Intimations of Sustainability

I’ve always told anyone who would listen that the main reason I’ve so enjoyed being a packaging journalist for all these years is because my job consists of talking with some of the smartest problem solvers on the planet.

Pat Reynolds Headshot

And my, what a clever bunch of problem solvers I got to talk with in researching the story about Numi Organic Tea’s compostable tea bag wrapper. 

What may be most amazing about the development behind this packaging innovation—which could prove to be a real game changer--is the persistence and determination that drove it. I mean think of spending 10 years nursing an idea to fruition, which is pretty much what the Numi folk did.

I’m also impressed, from a supply chain perspective, by how many pieces to the puzzle there were, especially where the wrapper’s three-layer lamination is concerned. Cellophane was a crucial component because it brings gas-barrier properties without impeding compostability. But the cellophane needed a coating of metallized aluminum to bring moisture barrier, and that coating had to be so light that it wouldn’t hinder the degradation process in the commercial composting facility. Then for heat-seal properties, PLA was an obvious choice because it’s compostable. But it couldn’t be just any PLA, it had to be sourced from GMO-free corn to be acceptable to a tea company that prides itself on being organic only. So the blown film supplier sources its PLA from what might be the only maker of PLA resin that is Bonsucro-certified to be GMO-free. Even the paper used in the lamination is anything but a garden-variety component. It’s FSC-certified and is given a proprietary coating to protect the surface printing and to provide a coefficient of friction that will keep the high-speed roll-fed wrapping machine humming.

Another thing I thoroughly enjoyed about working on this story is that it introduced me to a number of organizations I’d never heard of before that all seem laser focused on building a circular economy in one way or another. One mentioned above is Bonsucro, a global multi-stakeholder non-profit organization that exists to promote sustainable sugarcane production, processing, and trade. In looking up Bonsucro, I learned they are a member of ISEAL, a global membership organization for credible sustainability standards. In talking with the supplier of the cellophane component in the Numi wrapper, I learned of the existence of the US Composting Council, the only national organization in the U.S. dedicated to the development, expansion, and promotion of the composting industry. The same material supplier also introduced me to the Biodegradable Products Institute, a science-driven organization that supports a shift to the circular economy by promoting the production, use, and appropriate end of life for materials and products that are designed to fully biodegrade in specific biologically active environments.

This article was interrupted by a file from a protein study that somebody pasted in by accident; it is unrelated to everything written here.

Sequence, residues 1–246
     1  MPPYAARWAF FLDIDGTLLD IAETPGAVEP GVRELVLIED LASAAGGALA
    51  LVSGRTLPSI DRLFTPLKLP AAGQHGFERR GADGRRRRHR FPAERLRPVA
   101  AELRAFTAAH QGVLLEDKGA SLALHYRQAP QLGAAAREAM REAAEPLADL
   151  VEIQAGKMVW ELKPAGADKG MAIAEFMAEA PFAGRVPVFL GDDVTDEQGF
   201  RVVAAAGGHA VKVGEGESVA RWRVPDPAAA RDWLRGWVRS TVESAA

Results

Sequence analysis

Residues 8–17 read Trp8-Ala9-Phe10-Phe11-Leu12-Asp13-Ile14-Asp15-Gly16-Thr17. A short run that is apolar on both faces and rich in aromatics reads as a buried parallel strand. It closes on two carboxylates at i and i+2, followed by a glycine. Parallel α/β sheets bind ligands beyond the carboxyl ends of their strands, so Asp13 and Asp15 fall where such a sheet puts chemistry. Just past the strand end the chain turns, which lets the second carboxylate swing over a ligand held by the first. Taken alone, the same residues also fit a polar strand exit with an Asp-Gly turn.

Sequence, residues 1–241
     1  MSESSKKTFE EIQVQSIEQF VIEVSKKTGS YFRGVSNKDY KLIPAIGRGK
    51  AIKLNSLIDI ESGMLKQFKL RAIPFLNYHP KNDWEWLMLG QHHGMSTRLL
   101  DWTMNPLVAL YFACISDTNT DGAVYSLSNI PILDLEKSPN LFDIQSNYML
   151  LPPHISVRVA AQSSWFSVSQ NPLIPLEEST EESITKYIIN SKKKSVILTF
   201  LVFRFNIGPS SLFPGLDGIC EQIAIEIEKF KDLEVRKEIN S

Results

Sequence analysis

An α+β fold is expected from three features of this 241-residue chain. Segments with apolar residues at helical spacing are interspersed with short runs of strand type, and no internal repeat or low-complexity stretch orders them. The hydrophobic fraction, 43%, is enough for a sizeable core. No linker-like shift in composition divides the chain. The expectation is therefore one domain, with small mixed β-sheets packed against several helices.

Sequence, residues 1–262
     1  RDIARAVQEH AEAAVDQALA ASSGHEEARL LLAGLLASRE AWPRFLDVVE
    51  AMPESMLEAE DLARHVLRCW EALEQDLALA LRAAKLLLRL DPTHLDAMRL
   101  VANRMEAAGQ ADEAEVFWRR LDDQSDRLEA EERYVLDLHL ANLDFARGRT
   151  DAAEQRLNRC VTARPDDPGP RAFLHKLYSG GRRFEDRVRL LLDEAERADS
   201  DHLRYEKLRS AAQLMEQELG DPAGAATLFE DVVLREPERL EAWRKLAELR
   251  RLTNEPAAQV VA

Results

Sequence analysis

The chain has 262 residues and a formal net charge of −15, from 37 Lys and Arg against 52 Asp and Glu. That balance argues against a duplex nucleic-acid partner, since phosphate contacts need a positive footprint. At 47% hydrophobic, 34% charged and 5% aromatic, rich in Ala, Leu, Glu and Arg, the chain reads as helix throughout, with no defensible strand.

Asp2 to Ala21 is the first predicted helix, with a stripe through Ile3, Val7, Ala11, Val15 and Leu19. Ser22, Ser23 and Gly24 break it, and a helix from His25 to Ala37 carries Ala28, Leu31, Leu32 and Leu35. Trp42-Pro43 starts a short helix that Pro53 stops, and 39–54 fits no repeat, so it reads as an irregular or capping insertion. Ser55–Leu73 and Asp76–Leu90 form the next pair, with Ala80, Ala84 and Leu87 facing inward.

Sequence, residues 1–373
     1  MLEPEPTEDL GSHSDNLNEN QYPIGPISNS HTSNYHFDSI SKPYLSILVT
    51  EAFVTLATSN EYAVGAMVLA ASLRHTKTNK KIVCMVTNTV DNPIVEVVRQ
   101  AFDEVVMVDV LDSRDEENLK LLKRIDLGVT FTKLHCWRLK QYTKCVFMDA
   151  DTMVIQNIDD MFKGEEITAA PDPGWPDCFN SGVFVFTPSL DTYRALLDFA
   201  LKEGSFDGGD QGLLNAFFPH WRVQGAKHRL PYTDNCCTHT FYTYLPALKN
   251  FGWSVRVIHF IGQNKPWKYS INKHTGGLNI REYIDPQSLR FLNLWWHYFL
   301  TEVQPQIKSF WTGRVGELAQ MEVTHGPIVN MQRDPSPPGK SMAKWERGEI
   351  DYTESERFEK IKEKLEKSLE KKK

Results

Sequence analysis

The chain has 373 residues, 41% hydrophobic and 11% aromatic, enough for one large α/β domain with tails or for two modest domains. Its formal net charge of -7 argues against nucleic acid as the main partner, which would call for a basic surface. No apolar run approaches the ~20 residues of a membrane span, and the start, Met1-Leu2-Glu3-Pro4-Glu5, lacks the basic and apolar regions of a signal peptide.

Finally, Numi’s Jane Franch introduced me to OSC2, which might be the most intriguing of all the new organizations I learned about in developing this story. A community of mission-driven sustainability leaders representing a variety of mostly food and beverage companies, OSC2 was co-founded by Ahmed Rahim, Founder and CEO of Numi. How did they come up with their name? I like to think of it as an acronym squared: One Step Closer to an Organic and Sustainable Community. Franch says this coalition of nearly 40 brands is essential in moving the needle on the development of sustainable flexible packaging materials because they are in the best position to persuade the supplier community that brands actually want such materials and are willing to invest in and trial them.

One last observation before we end this discussion on compostable packaging. Be sure to  go here to see what the Sustainable Packaging Coalition has to say on the subject in a highly informative article that was posted May 19.

 

 

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